Apple has decided to appeal a federal judge's ruling that denied the company's request to ban 26 Samsung products.
In August, a jury ruled that the Samsung products had infringed a handful of Apple patents and ordered the South Korean tech giant to pay $1.05 billion in damages to the maker of the iPhone.
Apple then sought a potentially more devastating punishment against Samsung by requesting a permanent injunction against those products. While many of the Samsung products in question are older, such a move could be used as leverage in a second lawsuit pending in federal court that involves some of Samsung's most popular current products, including the Galaxy S III smartphone.
However, U.S. District Court Judge Lucy Koh recently ruled that Apple had failed to demonstrate that the features at issue were significant enough to play a big role in persuading consumers to buy one phone or the other.
As expected, Apple informed Koh on Thursday that it intends to appeal that decision to 9th U.S. Circuit Court of Appeals in San Francisco.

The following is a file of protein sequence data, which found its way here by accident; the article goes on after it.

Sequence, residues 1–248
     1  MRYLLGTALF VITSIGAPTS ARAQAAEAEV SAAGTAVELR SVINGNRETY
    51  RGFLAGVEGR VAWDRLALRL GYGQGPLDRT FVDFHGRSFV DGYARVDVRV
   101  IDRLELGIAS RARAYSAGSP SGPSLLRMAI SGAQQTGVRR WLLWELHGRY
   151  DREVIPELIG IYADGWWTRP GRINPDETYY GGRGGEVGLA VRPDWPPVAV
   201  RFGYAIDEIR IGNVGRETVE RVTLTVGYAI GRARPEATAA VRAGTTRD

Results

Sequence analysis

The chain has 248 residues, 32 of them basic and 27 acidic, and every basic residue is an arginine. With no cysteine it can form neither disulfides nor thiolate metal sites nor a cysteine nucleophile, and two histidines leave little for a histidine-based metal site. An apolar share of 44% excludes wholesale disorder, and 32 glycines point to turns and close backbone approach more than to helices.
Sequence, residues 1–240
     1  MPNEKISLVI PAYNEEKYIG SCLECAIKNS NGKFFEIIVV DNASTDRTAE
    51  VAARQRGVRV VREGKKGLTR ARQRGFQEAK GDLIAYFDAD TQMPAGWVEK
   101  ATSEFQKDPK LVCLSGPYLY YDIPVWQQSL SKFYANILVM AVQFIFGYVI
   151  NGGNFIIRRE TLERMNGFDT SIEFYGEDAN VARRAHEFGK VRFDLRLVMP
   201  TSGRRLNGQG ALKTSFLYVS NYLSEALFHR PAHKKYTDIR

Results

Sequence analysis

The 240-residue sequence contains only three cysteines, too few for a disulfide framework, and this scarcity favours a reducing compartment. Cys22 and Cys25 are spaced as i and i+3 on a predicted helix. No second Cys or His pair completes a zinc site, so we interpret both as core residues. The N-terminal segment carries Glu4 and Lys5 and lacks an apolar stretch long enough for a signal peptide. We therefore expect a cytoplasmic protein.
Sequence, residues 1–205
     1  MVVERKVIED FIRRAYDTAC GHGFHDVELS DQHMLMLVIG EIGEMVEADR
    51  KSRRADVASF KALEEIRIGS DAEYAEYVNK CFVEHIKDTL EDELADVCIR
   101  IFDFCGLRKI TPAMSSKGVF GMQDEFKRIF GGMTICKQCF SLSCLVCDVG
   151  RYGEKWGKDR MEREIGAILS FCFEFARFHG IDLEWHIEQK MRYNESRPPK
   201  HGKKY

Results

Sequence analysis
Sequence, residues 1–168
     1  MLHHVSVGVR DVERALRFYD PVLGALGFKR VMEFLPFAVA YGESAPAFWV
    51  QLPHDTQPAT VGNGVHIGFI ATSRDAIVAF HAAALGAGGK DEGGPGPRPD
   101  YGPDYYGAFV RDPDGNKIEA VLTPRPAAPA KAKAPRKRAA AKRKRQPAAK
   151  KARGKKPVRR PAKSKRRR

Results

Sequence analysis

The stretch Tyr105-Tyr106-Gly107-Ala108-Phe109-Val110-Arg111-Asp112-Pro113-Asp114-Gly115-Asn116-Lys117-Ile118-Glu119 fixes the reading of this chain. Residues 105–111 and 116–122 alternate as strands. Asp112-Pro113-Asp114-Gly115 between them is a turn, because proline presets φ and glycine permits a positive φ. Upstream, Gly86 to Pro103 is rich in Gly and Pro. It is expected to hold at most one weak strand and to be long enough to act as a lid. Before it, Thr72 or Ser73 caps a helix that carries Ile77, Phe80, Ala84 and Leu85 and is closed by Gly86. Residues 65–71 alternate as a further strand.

Koh still has yet to rule on Apple's request to increase the damages verdict by $500 million. Samsung, which was denied by Koh its request for a new trial, is also expected to appeal the case.
As events play out in San Jose, the case continues to become more convoluted. On Wednesday, the United States Patent and Trademark Office issued a preliminary ruling indicating it may invalidate one of Apple's patents, involving its "pinch-to-zoom" feature, that was crucial to its claims against Samsung. While not final, Samsung's legal team has already been touting that decision to bolster its case for a retrial.
But Samsung is facing pressure of its own. This week the company dropped many of its requests for injunctions against some Apple products in European courts. European Union regulators have been expressing unhappiness with the way Samsung was attempting to use its patents against Apple.
That move by Samsung, however, has apparently failed to mollify European Union regulators, who anounced Thursday that they plan to file an antitrust complaint against the company.
"We are dissatisfied every time that we see the launching of injunctions” involving standard-essential patents," Joaquin Almunia, the EU's antitrust chief, said at a press conference in Brussels, according to Bloomberg. "The injunctions in the Apple-Samsung case were launched; it was not only a threat."
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